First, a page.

It’s normal for the outer ear to sustain a little damage such as a slight rip or tear as unfortunately, the hierarchy battle is ongoing for piggies. As long as they aren’t huge rips or infected/swollen / bleeding then its best to just monitor the situation.
A guinea pigs sense of smell is highly developed and is likened to in between a human and a dog. They are able to recognise companions and owners through scent. A guinea pigs nose is small and should be clean and dry.
Guinea pigs sneeze frequently throughout the day but anything excessive is a cause for concern. Guinea pigs expel air from their nose and it creates a high pitched sound but is unmistakably a sneeze. Guinea pigs that begin to sneeze constantly may also just be allergic to their bedding.
If you think this may be the case then slowly start to swap out each type of bedding you use to discover which one was creating the allergy. We have always used this dust extracted hay without having any problems. It’s great for wearing down teeth and is reasonably priced.
Guinea pig legs aren’t very strong and can break really easily. They also cant jump very high so don’t let them fall or jump from any height.
Even though your piggy has little legs, they will do a fair bit of standing up on two feet to get a better view of outside their cage or even just to see what’s happening. Ours are always standing on two legs when they know they are about to get fed!
This stance also helps to lift them up so they can give their excellent sense of smell a chance to help discover whats going on. If you’re lucky you may also spot your little piggy running. jumping in the air and landing on all fours – then they will do it again!
This amazing dance is called “popcorning” and shows that your piggy is perfectly content. This is more common in younger piggies so enjoy it whilst you can!
Feet and Claws
Most guinea pigs are born with four toes on their front feet and three toes on their hind feet. A guinea pigs claws grow constantly and in the wild, this helps them climb the mountainsides and walk on hard or difficult ground.
Guinea pigs kept as pets require their claws to be clipped regularly and you can do this by either taking them to a grooming centre or buy purchasing some specially designed nail clippers.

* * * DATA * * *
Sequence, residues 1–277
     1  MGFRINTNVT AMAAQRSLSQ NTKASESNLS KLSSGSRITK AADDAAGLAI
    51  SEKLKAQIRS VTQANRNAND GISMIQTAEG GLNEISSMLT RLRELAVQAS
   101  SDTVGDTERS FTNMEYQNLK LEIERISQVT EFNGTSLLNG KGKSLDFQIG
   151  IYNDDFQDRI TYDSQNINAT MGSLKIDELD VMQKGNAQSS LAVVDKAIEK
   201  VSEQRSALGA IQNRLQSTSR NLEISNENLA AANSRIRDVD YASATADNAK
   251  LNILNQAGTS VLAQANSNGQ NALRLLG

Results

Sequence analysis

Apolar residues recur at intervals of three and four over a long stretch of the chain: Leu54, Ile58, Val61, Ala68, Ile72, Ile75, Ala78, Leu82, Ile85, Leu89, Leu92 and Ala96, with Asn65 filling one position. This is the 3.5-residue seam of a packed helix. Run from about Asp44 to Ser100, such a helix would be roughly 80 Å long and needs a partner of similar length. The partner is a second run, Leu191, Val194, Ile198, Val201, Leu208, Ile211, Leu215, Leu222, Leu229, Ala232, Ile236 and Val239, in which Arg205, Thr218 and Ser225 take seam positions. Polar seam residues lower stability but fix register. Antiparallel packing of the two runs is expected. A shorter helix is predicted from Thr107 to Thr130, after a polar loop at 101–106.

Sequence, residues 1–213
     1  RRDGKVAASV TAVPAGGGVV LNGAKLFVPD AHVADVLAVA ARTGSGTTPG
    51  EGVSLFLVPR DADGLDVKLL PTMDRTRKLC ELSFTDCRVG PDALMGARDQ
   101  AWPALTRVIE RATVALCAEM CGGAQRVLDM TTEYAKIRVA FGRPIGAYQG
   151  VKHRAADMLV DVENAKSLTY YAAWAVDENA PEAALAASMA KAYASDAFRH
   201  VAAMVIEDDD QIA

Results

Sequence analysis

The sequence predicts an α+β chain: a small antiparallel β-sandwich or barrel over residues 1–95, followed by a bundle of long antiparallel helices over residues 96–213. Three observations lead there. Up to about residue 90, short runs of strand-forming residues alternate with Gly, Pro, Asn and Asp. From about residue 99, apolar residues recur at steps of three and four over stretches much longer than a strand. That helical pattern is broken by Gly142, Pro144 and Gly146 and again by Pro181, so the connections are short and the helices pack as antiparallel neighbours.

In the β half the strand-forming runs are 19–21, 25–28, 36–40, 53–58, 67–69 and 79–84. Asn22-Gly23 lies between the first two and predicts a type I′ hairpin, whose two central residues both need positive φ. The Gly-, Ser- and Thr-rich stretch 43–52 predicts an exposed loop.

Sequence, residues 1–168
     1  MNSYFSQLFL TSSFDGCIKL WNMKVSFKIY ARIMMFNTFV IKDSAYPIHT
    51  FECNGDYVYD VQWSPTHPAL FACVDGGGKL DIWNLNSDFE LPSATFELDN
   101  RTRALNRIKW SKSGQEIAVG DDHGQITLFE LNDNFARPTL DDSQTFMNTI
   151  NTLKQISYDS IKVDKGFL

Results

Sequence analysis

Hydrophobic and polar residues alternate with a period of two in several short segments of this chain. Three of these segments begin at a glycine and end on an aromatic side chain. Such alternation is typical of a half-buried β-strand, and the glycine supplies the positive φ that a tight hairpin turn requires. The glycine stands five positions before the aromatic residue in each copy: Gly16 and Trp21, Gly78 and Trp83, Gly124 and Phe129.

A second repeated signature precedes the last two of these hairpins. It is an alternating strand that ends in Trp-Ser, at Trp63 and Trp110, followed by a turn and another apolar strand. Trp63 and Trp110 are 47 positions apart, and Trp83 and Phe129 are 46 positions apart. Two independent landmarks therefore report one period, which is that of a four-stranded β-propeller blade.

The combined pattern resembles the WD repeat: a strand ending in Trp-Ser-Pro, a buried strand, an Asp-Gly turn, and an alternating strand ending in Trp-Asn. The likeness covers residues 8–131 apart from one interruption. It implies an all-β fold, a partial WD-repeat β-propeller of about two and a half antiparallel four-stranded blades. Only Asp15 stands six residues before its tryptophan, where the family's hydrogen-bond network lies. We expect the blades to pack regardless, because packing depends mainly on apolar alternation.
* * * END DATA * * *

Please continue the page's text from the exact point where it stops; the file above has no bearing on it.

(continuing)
A young guinea pigs claws start out short, sharp and pointy and as the guinea pig ages, they become thicker, more brittle and unfortunately grow for irregularly. This is why it’s important to decide on how your guinea pigs claws will be trimmed (either by you or a professional) and then stick to that routine.
A guinea pigs feet are soft on the underside and should be regularly examined as part of your grooming routine. Due to the soft underside of their feet, guinea pigs should be kept on a soft surface especially since they have no fur on the under sole of them either.
Guinea pigs feet are prone to a condition called bumblefoot which is a bacterial infection of the feet. It is common in other rodents and even birds. Its is more likely to occur in domesticated animals due to housing conditions.
They are caused due to poor living conditions such as not changing the bedding regularly or being kept in damp living conditions. There are several ways to prevent bumblefoot such as by using specially designed guinea pig disinfectant when cleaning out the cage along with using good quality hay and bedding.
Having an animal in your life makes you a better human!
Whilst there is a lot of information here and it may seem overwhelming, caring for your guinea pigs becomes part of your daily routine and you get the best reward – a loving, kind and affectionate pet. We would love to hear about your guinea pigs! Comment below!